Renminbi-denominated private equity funds basically didn’t exist until about five years ago. Up until that point, for ten golden years, China’s PE and VC industry was the exclusive province of a hundred or so dollar-based funds: a mix of global heavyweights like Blackstone, KKR, Carlyle and Sequoia, together with pan-Asian firms based in Hong Kong and Singapore and some “China only” dollar general partners like CDH, New Horizon and CITIC Capital. These firms all raised money from much the same group of larger global limited partners (LPs), with a similar sales pitch, to make minority pre-IPO investments in high-growth Chinese private sector companies then take them public in New York or Hong Kong.

All played by pretty much the same set of rules used by PE firms in the US and Europe: valuations would be set at a reasonable price-to-earnings multiple, often single digits, with the usual toolkit of downside protections. Due diligence was to be done according to accepted professional standards, usually by retaining the same Big Four accounting firms and consulting shops doing the same well-paid helper work they perform for PE firms working in the US and Europe. Deals got underwritten to a minimum IRR of about 25%, with an expected hold period of anything up to ten years.

There were some home-run deals done during this time, including investments in companies that grew into some of China’s largest and most profitable: now-familiar names like Baidu, Alibaba, Pingan, Tencent. It was a very good time to be in the China PE and VC game – perhaps a little too good. Chinese government and financial institutions began taking notice of all the money being made in China by these offshore dollar-investing entities. They decided to get in on the action. Rather than relying on raising dollars from LPs outside China, the domestic PE and VC firms chose to raise money in Renminbi (RMB) from investors, often with government connections, in China. Off the bat, this gave these new Renminbi funds one huge advantage. Unlike the dollar funds, the RMB upstarts didn’t need to go through the laborious process of getting official Chinese government approval to convert currency. This meant they could close deals far more quickly.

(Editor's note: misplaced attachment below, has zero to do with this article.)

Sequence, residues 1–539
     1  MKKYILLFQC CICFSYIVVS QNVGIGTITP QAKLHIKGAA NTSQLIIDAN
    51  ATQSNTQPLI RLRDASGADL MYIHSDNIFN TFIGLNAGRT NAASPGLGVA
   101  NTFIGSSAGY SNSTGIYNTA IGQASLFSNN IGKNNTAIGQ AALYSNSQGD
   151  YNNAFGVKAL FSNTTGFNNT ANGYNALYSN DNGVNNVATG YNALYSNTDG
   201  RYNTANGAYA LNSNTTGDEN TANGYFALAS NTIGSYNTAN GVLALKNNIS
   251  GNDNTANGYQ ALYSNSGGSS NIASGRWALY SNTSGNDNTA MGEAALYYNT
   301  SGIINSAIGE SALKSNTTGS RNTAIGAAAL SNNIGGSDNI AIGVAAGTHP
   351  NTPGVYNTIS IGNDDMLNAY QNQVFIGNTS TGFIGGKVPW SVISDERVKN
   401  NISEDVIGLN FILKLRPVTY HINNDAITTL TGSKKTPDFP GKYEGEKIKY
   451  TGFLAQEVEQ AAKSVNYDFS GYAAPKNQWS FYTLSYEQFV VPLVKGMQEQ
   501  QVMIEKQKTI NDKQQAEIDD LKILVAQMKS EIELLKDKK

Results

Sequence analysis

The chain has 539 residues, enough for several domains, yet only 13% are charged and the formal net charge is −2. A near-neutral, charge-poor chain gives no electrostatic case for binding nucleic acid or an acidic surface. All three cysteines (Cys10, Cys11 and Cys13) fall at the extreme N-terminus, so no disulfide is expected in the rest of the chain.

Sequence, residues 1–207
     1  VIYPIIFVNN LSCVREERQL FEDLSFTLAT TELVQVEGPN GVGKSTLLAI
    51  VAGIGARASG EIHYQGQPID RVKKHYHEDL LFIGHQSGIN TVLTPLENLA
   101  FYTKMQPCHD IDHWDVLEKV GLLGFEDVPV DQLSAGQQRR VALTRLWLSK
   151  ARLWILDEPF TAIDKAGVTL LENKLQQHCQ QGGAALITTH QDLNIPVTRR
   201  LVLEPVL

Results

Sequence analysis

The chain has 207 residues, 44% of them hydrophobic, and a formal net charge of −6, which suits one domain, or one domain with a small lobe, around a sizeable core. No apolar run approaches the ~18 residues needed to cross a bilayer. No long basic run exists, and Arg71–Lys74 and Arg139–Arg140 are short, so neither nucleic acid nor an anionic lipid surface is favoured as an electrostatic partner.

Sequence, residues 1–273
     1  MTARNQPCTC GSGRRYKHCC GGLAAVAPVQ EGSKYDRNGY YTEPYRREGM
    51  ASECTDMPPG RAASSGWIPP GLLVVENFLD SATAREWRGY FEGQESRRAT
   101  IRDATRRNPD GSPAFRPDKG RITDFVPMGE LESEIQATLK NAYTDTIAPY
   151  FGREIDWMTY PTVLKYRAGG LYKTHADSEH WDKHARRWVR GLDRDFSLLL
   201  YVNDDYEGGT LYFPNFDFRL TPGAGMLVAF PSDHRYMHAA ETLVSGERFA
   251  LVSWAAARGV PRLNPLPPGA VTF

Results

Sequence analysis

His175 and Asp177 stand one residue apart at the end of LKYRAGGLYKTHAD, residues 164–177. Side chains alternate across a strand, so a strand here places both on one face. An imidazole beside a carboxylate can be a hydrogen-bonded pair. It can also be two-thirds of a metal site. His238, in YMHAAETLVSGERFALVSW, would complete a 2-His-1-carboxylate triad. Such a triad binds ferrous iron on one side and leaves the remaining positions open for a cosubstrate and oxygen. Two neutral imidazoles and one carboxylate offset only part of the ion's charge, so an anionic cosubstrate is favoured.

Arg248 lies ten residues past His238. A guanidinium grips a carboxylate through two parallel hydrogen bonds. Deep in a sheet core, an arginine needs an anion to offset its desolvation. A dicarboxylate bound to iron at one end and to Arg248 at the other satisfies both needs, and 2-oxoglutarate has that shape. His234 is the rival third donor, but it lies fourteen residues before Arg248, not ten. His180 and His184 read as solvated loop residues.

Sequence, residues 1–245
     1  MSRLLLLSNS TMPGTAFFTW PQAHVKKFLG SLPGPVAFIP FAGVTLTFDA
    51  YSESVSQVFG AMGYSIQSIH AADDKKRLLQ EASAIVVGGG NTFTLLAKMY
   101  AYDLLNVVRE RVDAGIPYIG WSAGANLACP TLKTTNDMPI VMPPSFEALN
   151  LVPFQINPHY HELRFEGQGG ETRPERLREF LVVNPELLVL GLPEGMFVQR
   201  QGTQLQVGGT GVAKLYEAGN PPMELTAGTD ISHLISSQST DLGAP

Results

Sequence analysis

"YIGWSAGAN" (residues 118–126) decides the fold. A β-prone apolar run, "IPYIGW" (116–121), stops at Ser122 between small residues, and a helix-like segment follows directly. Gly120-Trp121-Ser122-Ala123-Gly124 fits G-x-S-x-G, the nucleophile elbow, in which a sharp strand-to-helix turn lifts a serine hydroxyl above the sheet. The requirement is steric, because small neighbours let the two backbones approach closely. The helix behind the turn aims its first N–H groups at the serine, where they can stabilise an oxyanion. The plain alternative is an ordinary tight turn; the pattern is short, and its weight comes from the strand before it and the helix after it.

Stock market liberalization and the birth of a strategy

Helpfully, too, the domestic Chinese stock market was liberalized to allow more private sector companies to go public. Even after last year’s stock market tumble, IPO valuations of 70X previous year’s net income are not unheard of. Yes, RMB firms generally had to wait out a three-year mandated lock-up after IPO. But, the mark-to-market profits from their deals made the earlier gains of the dollar PE and VC firms look like chump change. RMB funds were off to the races.

Almost overnight, China developed a huge, deep pool of institutional money these new RMB funds could tap. The distinction between LP and GP is often blurry. Many of the RMB funds are affiliates of the organizations they raise capital from. Chinese government departments at all levels – local, provincial and national – now play a particularly active role, both committing money and establishing PE and VC funds under their general control.

For these government-backed PE firms, earning money from investing is, at best, only part of their purpose. They are also meant to support the growth of private sector companies by filling a serious financing gap. Bank lending in China is reserved, overwhelmingly, for state-owned companies.

A global LP has fiduciary commitments to honor, and needs to earn a risk-adjusted return. A Chinese government LP, on the other hand, often has no such demand placed on it. PE investing is generally an end-unto-itself, yet another government-funded way to nurture China’s economic development, like building airports and train lines.